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Census: South Dakota's income grows fastest in U.S.
By Cara Hetland
Minnesota Public Radio
June 6, 2002

New U.S. census figures released this week show South Dakota had the largest increase in the nation for household median income. The latest census information is for the 10-year period between 1990 and 2000. South Dakota still has the poorest county in the nation, even though it had a 57 percent growth in median income.

Badlands National Park
Badlands National Park in South Dakota. That state had the largest percentage increase in the nation in household income in the 1990s, at 57 percent. But the state still has the two poorest counties in the nation.
(Photo courtesy of National Park Service )

The rise in median household income is attributed to several factors.

"Over the last 10 years, farm income in South Dakota has risen significantly - rising more quickly than the national average," according to Phil George, director of the South Dakota Labor and Market Center.

George says the annual pay for non-farm workers has also increased.

"I'm sure that's due to the fact that we've had a lot of good jobs come into South Dakota in the last 10 years - some high technology jobs, some health care jobs, some financial service jobs - which have been better-paying than the average, and helped raise the average in the state," he says.

George says during the boom years of the '90s, South Dakota consistently had a lower rate of unemployment than the national average. He says this forced businesses to pay higher salaries to attract quality workers.

About one-quarter of South Dakota's population lives in Sioux Falls. Census data shows there's a national trend where better-educated people live in urban centers. That's true for Sioux Falls.

Toby Madden is an economist with the Federal Reserve Bank in Minneapolis. He says in 1990, South Dakota had a low income base, and a 57 percent increase is significant. In 1990 the median household income was $22,500. In 2000, it jumped to nearly $35,300.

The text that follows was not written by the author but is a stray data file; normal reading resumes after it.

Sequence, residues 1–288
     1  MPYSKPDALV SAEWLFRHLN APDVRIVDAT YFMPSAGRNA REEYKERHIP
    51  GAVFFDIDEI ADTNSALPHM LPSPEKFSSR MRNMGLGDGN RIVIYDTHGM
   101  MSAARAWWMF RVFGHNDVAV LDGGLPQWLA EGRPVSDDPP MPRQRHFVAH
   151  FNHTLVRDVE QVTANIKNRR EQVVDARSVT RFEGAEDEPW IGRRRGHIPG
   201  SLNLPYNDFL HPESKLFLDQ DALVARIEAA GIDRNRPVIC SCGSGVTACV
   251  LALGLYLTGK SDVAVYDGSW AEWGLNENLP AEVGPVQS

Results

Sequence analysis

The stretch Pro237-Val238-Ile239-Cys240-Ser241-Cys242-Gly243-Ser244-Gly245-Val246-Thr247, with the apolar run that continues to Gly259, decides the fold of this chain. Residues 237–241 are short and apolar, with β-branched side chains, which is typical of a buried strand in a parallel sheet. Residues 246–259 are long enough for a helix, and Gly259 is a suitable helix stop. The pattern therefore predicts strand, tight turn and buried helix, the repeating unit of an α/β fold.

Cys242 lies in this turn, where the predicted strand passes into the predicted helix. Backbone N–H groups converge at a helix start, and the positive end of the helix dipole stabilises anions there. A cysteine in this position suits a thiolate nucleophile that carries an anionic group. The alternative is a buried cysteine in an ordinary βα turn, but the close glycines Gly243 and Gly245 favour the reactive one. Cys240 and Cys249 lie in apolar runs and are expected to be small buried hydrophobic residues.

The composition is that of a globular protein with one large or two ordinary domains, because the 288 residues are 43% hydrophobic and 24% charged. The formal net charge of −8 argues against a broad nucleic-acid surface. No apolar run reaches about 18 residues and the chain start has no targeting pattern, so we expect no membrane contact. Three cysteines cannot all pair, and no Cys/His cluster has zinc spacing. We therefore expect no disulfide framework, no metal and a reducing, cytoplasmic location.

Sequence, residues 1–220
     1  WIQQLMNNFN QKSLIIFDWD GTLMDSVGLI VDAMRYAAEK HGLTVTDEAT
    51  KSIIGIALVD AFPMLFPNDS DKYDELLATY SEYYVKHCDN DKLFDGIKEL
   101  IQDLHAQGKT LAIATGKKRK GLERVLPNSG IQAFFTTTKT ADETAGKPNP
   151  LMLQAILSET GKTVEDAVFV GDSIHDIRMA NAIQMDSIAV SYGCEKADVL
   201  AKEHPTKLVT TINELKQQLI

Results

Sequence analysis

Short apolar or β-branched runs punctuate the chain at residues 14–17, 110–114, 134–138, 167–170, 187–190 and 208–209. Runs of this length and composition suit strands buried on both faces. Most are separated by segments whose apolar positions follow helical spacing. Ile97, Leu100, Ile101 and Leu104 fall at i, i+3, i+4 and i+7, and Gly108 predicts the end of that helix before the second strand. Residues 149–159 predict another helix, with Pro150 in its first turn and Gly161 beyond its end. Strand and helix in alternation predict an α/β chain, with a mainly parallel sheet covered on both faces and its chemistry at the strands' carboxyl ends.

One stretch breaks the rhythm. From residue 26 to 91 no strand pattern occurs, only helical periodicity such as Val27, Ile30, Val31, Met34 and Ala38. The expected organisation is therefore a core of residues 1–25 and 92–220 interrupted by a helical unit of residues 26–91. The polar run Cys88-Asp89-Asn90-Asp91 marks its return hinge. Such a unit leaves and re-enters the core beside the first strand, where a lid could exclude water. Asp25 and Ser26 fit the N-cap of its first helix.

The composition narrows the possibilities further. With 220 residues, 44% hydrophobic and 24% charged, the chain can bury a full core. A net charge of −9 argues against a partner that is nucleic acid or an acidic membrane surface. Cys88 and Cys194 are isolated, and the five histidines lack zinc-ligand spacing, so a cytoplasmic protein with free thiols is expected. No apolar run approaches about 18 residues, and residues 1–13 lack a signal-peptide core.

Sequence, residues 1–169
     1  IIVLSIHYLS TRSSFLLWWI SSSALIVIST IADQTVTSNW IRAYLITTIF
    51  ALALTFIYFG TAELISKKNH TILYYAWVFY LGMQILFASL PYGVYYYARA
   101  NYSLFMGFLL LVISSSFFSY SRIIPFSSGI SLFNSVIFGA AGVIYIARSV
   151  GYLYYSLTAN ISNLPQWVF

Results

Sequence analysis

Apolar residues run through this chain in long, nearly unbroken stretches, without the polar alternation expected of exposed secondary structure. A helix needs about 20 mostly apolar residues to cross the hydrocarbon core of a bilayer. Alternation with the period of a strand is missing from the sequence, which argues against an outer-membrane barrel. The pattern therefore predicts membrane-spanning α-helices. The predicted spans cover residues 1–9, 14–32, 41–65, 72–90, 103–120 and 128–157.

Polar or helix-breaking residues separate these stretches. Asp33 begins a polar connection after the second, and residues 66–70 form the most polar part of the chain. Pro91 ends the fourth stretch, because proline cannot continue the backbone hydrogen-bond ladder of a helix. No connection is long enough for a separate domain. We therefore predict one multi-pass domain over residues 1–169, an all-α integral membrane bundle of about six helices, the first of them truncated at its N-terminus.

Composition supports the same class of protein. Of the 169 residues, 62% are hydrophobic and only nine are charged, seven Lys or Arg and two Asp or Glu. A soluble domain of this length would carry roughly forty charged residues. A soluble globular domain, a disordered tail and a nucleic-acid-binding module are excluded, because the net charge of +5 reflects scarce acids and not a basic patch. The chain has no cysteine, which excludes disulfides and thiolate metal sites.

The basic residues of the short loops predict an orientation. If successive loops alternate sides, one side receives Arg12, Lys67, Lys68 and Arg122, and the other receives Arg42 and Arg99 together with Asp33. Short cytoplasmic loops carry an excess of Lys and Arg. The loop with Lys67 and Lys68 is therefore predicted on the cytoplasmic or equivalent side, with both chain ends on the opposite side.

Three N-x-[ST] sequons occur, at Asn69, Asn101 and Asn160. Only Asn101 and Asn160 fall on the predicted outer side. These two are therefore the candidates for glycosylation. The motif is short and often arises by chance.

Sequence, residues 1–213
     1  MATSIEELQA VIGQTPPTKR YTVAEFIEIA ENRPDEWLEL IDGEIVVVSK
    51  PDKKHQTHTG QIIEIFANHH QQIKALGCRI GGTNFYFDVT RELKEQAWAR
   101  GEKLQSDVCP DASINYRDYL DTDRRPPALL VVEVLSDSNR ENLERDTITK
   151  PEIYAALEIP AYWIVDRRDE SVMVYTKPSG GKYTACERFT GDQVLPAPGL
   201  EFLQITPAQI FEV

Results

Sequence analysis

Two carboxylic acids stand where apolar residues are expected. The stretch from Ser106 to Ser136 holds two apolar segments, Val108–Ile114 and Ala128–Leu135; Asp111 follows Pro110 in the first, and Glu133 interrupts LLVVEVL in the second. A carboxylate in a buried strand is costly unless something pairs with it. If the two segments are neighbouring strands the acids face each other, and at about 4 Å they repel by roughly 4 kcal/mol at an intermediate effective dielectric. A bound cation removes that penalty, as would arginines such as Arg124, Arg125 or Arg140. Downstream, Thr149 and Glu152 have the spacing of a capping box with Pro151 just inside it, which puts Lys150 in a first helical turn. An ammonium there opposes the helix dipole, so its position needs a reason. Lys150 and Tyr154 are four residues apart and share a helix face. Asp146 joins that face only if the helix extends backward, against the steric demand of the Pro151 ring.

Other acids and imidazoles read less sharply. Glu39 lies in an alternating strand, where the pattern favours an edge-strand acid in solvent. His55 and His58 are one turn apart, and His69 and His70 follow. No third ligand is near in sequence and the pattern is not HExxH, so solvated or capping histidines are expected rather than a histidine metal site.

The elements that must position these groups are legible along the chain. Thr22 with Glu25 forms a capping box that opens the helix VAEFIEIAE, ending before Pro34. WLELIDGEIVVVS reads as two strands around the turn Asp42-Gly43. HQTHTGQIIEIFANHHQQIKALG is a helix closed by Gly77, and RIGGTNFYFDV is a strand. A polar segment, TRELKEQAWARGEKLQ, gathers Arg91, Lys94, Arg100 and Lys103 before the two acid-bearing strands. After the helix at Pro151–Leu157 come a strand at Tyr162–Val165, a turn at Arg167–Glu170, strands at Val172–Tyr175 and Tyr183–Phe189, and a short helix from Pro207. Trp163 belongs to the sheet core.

Madden says while the percentage increase is the largest in the nation, South Dakota's national income ranking is still 41st out of the 50 states.

"We've had a lot of good jobs come into South Dakota in the last 10 years - some high technology jobs, some health care jobs, some financial service jobs - which have been better-paying than the average."

- Phil George, South Dakota labor official

"Things are improving. The work force is becoming more educated, your income is rising, the median household income is rising. From a trend perspective things are looking up," says Madden. "But then again, you shouldn't put too much into the numbers - saying we can rest on our laurels or we're the best - because there's room for improvement."

Madden says South Dakota's lack of a corporate and state income tax helps in attracting businesses to the state.

While the economy is good in South Dakota's population centers - the rural counties are suffering. Buffalo County in central South Dakota is now the poorest county in the nation. It's mostly reservation land owned by the Crow Creek Sioux Tribe.

Kally Kirkie, the tribe's grant writer, says economic development planning didn't start on her reservation until just a few years ago. There are only a handful of businesses in the county. The largest and most successful business is the Lode Star Casino.

"We have a couple other tribal enterprises - the tribal motel and tribal gas station and tribal liquor store. The other three are really struggling right now. We have one grocery store, and that store is packed especially this time of year," says Kirkie. "We could be a little tourist town if we did things right. There's never been no plans, no long term strategic planning or things like that."

Kirkie says it's her goal to build a tribal resort. She wants to encourage the thousands of anglers who fish the Missouri River to stay on tribal land. But she also wants to create jobs for her tribe's 3,500 members. She says part of the problem is tribal government changes every two years. She says change in leadership means change in priorities.

Most of the federal and casino money go toward welfare, health care and housing needs. Economic development falls to the bottom of the priority list without allocating any money. Kirkie says the national ranking could help them get some federal money.

In 1990, South Dakota's Shannon County made news when it was the poorest county in the nation. That ranking put the Pine Ridge Reservation in the federal government's Empowerment Zone. That gave the county millions in federal dollars for economic development. Even President Bill Clinton visited the reservation, putting it in the national spotlight.

Shannon County showed some income growth in the last ten years. But it still ranks as the nation's second poorest county.

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